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New Jersey State Police tag tailgaters

Photo Credit: Cliffview Pilot
Photo Credit: Cliffview Pilot
Photo Credit: Cliffview Pilot

Remember when cops hid their patrol cars on the highway, then radioed ahead to another officer to flag down a speeder or tailgater? Not anymore. For the next two weeks, state troopers armed with a handy new gizmo will be out on the New Jersey Turnpike and Garden State Parkway measuring the distance between cars and chasing down tailgaters, in a show of force they hope will reduce crashes.


“Our troopers will be happy to remind drivers of the dangers of tailgating in hopes that we can avoid cleaning up the accidents that result from it,” said NJSP Superintendent Col. Rick Fuentes. Not only that: You think your car insurance is high now? Get one of these summonses and it’s FIVE POINTS.


In ideal conditions, Fuentes said, you should follow the “two-second rule” — staying a full car-length behind another vehicle for every 10 miles an hour you’re moving at. This gives you enough room and time to stop safely, if necessary.

You should stay even farther back if the road is wet, if it’s foggy out, or if your vehicle is loaded down.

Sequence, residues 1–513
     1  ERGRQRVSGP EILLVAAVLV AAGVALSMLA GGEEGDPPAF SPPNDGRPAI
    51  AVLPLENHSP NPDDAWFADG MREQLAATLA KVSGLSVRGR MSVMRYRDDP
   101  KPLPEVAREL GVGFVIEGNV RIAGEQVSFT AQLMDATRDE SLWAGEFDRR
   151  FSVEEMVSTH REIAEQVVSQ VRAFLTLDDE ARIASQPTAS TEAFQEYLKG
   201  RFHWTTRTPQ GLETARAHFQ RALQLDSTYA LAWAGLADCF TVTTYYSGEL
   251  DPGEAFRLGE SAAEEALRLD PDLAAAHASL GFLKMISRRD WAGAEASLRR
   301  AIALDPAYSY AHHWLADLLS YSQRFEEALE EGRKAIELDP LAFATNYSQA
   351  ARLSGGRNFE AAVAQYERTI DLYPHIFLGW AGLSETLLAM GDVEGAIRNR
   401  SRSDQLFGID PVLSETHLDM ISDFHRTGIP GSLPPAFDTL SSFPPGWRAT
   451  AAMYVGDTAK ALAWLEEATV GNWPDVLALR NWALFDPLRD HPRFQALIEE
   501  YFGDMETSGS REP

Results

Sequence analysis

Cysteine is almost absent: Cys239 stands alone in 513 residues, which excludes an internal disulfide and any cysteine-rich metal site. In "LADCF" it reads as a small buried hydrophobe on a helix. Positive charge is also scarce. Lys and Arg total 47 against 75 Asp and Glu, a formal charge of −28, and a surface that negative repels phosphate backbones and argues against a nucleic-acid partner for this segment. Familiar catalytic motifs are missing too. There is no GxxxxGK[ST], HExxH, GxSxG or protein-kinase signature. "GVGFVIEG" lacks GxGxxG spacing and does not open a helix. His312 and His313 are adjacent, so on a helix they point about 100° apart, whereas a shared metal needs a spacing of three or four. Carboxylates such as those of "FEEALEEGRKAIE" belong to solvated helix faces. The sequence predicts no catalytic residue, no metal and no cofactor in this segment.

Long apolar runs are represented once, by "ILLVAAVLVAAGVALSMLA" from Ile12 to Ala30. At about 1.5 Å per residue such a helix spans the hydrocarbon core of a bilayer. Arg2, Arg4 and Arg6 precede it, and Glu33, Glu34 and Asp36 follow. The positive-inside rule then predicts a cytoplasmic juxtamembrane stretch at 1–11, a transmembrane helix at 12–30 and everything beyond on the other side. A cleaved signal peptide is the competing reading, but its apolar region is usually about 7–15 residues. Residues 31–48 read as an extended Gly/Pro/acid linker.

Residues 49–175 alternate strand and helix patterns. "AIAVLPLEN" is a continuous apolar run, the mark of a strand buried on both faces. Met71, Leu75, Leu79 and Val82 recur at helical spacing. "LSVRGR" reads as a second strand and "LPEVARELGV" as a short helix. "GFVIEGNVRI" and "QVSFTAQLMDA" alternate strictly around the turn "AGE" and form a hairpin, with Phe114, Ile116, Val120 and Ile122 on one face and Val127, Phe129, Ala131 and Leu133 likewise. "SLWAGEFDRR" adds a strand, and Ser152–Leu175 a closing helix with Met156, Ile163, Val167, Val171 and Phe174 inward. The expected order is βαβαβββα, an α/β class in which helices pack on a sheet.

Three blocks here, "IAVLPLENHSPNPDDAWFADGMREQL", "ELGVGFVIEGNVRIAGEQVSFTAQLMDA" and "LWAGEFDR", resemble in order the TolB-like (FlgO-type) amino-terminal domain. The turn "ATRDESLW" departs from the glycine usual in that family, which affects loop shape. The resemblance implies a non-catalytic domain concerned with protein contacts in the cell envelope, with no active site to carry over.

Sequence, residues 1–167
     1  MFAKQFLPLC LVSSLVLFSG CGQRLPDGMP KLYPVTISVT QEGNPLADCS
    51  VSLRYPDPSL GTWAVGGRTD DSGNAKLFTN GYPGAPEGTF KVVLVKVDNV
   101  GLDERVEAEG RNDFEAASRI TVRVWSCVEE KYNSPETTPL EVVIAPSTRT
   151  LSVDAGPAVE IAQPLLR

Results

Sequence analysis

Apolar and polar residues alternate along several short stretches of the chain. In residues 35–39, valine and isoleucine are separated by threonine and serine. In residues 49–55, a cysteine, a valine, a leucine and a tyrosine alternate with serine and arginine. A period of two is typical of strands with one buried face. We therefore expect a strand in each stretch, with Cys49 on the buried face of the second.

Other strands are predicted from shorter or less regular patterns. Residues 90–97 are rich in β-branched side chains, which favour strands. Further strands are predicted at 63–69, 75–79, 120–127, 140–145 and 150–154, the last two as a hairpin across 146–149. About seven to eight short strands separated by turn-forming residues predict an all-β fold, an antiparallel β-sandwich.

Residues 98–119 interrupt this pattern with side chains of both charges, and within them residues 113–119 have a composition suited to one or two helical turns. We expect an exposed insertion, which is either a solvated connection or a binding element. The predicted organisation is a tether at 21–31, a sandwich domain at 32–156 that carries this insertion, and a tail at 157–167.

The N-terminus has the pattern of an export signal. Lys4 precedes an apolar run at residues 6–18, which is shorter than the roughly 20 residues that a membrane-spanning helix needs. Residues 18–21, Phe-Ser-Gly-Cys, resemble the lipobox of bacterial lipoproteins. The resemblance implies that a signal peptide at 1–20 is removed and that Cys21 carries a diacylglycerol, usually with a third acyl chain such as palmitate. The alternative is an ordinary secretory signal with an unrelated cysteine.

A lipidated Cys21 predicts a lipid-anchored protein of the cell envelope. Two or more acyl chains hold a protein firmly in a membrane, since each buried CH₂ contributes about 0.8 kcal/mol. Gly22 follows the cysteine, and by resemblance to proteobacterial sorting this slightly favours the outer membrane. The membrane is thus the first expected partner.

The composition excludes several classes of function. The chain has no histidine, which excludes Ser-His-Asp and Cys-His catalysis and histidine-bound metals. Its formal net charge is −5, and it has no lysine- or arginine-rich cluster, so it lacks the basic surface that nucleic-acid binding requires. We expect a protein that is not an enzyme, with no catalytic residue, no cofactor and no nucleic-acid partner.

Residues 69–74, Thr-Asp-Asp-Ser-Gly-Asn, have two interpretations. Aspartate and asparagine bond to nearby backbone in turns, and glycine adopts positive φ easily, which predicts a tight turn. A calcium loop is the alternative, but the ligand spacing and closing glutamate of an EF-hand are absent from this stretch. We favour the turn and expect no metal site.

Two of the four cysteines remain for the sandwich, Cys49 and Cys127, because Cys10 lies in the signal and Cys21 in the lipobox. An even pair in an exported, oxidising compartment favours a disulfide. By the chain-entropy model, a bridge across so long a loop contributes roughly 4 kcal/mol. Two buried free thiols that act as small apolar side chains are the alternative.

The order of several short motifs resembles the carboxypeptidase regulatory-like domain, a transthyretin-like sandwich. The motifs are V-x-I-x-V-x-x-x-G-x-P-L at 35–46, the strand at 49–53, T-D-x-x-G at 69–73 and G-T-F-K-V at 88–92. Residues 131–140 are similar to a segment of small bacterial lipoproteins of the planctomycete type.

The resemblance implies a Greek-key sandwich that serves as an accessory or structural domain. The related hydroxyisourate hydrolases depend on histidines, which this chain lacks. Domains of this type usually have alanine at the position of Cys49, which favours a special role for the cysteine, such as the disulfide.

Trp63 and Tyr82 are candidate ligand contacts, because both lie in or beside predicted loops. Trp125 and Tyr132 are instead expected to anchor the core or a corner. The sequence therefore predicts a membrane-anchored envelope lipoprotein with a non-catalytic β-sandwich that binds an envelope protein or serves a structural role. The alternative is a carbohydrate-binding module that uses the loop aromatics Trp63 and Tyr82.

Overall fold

As part of their “tailgating awareness” campaign, troopers are rolling out some of their unmarked sports cars, sedans and SUVs.

Still, the biggest difference-maker by far is a laser device known as the UltraLyte.

So, out of fairness to New Jersey’s overly aggressive and angry drivers, here’s a clue to what you’re up against:

All the trooper need do is point the UltraLyte laser at a lead vehicle and click when it reaches a certain spot, then follow with the vehicle right behind at the same spot. The device will pinpoint the speeds of both, then immediately calculate the distance between them, says Laser Technology Inc., which makes the UltraLyte.


“Accuracy validation” software help the readings hold up in court, LTI says, adding that the devices are so rugged that they’ve been referred to as tanks.

The UltraLyte employs pinpoint targeting, which is everything when a trooper is dealing with the Turnpike or Parkway’s various lanes.

The laser’s beam is roughly feet wide and stretches up to 1,000 feet (for those who love the metaphor: 3 football fields, with more than 30 yards tacked on). The device can “visually identify a speeding vehicle, pinpoint its exact location on the roadway, and then validate its precise speed,” LTI says.

LTI began working with the government in the late 1980s, designing lasers that measured distances between two planes in-flight for a de-icing exercise. Then came a contract with NASA “to build a custom laser that could measure both distances and speeds for space docking missions,” the company said.

From there, LTI developed the first “low-cost recreational rangefinder for golfing and hunting.”

So it wasn’t a giant leap to designing tools for law enforcement.

Avoiding tailgating altogether is good practice. Being particularly careful about it these next two weeks is simply common sense.

With two weeks of practice, the thinking goes, people can drop dangerous habits and develop safe ones.

Bottom line: It’s either that or five points. Take your pick.

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